The University Avenue Bridge is a hard one to beat— it is probably the most ornate and “classically” attractive Schuylkill River bridge in the city, but at the same time looks completely at home in its industrial, somewhat rag-tag setting. The Integrity Trust building at 16th and Walnut also captures Cret’s underappreciated weirdness—you might know it as the “building with the eagles on it.” It originally had an amazing Art Deco banking hall whose demolition, in my book, ranks as one of the greatest losses of any Philadelphia interiors. But you can still see some of its original Art Deco doors in the vestibule of the Qdoba. I recommend everyone check them out.
MB: Cret is buried at The Woodlands, making the Hamilton Mansion an ideal place to celebrate his life through an exhibition of your drawings. He also designed the gates of the cemetery, with its brilliant, winged hourglass motif. Being such an influential architect during his time, who created one of The Woodlands most iconic features, why do you think he choose a simple name plate for his grave marker?
BL: This project raised a lot of these “why” questions for me, and I had to make a choice early on—do I get lured into a deep dive of his written archives and correspondence, searching for solid answers to some of these questions, or do I focus on visiting his works themselves, maybe develop my own theories, but ultimately leave my questions unanswered? I do like to think that, after a career spent creating so many grandiose monuments and memorials (the Memorial Arch at Valley Forge, the Frankford War Memorial, his WWI battlefield memorials across Europe, the Eternal Light Peace Memorial at Gettysburg, Whitemarsh Memorial Park in Ambler, etc), he maybe felt like he was at peace with a simple marker for himself. Like, maybe he got all the grandeur out of his system. But that’s a great question to ask Lisa Pfueller Davidson and Catherine C. Lavoie from the Heritage Documentation Program of the National Park Service, who will be giving a lecture at The Woodlands on Cret’s war memorials on November 30.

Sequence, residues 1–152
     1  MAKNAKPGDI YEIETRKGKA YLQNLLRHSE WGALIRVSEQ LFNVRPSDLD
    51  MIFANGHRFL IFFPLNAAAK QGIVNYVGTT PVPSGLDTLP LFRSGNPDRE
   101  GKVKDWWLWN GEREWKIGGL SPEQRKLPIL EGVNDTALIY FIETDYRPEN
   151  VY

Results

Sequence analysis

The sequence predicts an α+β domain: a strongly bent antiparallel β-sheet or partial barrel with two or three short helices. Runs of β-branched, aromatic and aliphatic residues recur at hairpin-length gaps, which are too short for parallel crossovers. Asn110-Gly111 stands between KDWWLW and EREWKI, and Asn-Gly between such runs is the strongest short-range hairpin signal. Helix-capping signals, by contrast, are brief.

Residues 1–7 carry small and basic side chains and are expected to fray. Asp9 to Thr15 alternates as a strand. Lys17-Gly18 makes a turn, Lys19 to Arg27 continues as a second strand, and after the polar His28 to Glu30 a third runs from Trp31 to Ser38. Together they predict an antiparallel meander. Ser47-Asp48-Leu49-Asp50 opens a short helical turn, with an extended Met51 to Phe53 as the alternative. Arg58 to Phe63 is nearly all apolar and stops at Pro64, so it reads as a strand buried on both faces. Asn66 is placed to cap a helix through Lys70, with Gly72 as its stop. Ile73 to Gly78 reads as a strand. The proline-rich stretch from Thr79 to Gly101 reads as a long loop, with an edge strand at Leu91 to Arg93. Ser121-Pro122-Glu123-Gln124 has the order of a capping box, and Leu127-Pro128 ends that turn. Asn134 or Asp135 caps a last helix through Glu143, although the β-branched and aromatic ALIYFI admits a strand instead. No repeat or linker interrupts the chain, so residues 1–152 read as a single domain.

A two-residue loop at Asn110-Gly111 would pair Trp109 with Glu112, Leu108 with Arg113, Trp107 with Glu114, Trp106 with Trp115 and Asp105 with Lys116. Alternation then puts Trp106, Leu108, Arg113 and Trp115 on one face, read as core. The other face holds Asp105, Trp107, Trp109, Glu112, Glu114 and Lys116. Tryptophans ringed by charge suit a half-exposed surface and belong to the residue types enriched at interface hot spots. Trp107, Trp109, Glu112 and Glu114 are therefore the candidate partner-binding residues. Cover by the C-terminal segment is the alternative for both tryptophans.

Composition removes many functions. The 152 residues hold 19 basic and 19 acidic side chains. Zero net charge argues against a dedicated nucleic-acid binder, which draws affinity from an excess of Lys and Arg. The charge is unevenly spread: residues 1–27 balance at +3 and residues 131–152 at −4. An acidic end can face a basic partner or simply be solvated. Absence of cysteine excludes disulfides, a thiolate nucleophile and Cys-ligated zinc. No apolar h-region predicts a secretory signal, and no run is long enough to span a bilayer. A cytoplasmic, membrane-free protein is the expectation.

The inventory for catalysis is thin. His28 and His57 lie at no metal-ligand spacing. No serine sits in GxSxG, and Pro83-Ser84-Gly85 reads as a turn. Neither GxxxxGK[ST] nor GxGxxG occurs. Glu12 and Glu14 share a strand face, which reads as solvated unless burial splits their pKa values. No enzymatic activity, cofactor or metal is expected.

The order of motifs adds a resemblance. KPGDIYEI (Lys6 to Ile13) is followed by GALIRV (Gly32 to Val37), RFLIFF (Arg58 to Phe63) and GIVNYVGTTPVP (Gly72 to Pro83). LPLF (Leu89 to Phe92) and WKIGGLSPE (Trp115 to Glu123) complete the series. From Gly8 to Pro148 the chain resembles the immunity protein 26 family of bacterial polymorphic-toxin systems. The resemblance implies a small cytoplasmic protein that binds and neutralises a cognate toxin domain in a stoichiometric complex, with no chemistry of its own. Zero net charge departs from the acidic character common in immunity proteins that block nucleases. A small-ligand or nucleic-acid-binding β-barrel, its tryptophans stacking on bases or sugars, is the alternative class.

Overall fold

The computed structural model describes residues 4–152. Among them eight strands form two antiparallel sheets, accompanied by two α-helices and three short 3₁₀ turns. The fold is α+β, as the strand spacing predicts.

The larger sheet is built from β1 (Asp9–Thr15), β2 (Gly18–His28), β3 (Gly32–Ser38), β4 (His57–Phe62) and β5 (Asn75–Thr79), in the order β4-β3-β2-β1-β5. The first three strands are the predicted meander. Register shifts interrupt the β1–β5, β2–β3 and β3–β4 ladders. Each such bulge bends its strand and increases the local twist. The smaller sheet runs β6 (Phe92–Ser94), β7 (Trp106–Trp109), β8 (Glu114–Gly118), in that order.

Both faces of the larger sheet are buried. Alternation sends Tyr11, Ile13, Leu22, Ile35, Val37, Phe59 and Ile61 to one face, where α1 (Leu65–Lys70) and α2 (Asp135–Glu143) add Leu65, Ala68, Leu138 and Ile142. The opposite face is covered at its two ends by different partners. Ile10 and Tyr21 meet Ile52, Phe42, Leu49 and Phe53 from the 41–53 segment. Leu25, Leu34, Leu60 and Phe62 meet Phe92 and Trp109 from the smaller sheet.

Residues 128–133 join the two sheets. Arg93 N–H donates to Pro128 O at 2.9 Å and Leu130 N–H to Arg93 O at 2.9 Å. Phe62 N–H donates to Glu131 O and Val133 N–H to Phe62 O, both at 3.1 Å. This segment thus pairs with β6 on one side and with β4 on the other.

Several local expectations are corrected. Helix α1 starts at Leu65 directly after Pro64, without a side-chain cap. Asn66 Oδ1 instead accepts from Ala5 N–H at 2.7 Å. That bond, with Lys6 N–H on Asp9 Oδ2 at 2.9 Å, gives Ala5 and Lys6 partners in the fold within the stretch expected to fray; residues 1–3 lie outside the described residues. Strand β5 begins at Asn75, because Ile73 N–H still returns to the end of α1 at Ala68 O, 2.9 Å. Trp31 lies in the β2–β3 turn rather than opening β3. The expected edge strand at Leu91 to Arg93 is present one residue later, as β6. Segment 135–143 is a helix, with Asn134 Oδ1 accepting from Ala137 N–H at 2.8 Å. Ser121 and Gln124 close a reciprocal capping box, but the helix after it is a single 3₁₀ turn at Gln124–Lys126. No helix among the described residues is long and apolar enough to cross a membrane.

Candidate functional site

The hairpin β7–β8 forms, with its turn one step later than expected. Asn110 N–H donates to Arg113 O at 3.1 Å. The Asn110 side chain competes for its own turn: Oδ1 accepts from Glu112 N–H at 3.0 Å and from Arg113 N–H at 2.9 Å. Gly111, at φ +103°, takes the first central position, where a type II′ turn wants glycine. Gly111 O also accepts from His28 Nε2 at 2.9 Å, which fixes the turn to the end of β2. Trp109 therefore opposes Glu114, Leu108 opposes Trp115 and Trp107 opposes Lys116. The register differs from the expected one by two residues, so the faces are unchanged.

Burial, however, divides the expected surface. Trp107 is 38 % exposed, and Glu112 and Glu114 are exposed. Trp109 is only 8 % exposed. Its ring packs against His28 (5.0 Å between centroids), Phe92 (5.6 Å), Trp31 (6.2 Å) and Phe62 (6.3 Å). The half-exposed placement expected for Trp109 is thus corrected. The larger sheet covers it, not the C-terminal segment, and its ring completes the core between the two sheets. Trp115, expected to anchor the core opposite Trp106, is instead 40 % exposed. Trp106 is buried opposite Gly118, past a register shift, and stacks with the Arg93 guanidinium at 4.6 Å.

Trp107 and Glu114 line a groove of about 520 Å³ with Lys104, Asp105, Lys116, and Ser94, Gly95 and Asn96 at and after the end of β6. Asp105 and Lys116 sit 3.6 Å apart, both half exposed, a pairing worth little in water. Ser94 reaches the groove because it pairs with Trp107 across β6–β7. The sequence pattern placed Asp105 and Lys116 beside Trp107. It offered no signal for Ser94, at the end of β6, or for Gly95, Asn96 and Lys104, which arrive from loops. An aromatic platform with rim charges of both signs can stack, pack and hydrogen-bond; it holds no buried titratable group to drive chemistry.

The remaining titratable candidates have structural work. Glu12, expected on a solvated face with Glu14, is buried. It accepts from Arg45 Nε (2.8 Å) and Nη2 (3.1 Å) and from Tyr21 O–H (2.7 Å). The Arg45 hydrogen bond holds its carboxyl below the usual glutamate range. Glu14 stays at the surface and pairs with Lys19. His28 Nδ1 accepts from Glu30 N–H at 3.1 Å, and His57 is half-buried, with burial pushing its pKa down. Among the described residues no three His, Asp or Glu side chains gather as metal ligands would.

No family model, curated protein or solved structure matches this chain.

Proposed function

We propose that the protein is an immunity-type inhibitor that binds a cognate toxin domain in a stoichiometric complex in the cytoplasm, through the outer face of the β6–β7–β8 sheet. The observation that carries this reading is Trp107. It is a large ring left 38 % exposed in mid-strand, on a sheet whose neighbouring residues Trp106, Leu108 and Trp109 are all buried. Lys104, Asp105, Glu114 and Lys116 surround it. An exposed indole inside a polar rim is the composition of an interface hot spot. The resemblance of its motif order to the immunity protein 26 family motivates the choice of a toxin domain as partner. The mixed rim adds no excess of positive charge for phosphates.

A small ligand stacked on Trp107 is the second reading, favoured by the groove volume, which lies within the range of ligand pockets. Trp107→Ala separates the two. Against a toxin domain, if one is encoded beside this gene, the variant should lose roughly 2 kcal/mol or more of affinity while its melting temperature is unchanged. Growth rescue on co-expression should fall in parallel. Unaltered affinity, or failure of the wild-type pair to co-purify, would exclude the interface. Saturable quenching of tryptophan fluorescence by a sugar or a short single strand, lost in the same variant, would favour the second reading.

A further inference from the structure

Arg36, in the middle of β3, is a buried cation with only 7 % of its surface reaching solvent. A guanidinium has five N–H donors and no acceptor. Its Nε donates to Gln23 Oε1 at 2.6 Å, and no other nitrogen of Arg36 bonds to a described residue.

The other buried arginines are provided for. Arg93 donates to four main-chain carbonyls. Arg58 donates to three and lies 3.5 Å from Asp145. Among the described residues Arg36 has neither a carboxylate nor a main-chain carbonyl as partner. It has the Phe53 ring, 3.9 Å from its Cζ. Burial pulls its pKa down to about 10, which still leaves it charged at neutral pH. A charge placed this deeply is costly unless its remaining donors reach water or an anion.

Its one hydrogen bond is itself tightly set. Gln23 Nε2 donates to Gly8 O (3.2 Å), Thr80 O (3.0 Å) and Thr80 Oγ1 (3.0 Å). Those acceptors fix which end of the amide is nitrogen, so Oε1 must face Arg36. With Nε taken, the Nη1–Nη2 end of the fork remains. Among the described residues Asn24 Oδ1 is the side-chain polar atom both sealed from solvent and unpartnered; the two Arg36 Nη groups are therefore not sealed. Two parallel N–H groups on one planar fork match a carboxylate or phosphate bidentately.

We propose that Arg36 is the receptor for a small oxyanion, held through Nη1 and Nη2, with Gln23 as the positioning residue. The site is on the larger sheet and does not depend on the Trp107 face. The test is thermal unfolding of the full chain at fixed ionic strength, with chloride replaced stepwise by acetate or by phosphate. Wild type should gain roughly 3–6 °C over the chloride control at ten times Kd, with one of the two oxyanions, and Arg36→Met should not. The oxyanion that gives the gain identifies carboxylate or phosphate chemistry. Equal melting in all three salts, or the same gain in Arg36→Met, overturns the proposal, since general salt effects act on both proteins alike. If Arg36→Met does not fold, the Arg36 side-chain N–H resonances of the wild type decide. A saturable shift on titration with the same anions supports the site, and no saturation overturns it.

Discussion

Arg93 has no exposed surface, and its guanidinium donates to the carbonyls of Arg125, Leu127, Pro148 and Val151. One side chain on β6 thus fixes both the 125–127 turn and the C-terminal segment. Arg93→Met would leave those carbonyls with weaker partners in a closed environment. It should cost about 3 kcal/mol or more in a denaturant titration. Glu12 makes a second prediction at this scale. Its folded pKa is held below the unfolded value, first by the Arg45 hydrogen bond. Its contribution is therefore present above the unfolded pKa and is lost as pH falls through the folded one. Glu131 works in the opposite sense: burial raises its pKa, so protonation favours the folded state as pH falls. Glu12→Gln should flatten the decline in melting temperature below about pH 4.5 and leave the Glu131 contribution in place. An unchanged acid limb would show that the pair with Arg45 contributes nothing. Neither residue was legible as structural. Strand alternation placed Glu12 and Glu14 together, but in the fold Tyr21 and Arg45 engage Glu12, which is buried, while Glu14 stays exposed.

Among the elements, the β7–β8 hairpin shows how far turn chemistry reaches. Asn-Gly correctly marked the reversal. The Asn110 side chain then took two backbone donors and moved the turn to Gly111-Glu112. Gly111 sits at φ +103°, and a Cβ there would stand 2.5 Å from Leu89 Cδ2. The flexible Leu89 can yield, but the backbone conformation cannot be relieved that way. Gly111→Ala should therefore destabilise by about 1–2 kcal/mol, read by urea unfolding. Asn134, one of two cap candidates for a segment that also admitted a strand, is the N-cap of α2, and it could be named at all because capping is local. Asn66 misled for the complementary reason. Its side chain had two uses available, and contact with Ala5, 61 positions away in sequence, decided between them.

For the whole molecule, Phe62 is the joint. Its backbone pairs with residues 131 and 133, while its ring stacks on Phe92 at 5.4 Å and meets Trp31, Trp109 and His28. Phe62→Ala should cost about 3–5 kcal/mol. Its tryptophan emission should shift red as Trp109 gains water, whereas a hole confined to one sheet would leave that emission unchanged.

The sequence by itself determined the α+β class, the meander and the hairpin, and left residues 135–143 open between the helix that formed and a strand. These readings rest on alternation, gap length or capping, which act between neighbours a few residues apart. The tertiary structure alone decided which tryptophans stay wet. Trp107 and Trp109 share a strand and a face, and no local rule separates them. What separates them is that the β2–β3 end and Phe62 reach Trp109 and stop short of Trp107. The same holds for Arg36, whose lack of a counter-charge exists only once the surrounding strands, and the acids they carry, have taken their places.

MB: What makes Philadelphia’s older building stock so damn bewitching to sketch and photograph?
BL: Bewitching is a great way to describe it. I have a totally obtuse line in my artist’s statement that says, “Old buildings vibrate at a frequency invisible to the naked eye.” I’m still not sure exactly what I’m trying to get at when I say that, but I do believe that there’s something almost alchemical about the subtle transformations of buildings over time. You’ll often hear about the “patina of age,” which I think goes part of the way to describing this allure, but not the whole way. I think most photographers and artists can relate to the feeling that older cities and older buildings just “hum” in a different way. I suppose I’m trying to capture some of that that in my drawings, but I’m also drawing in order to “hear” this humming more clearly.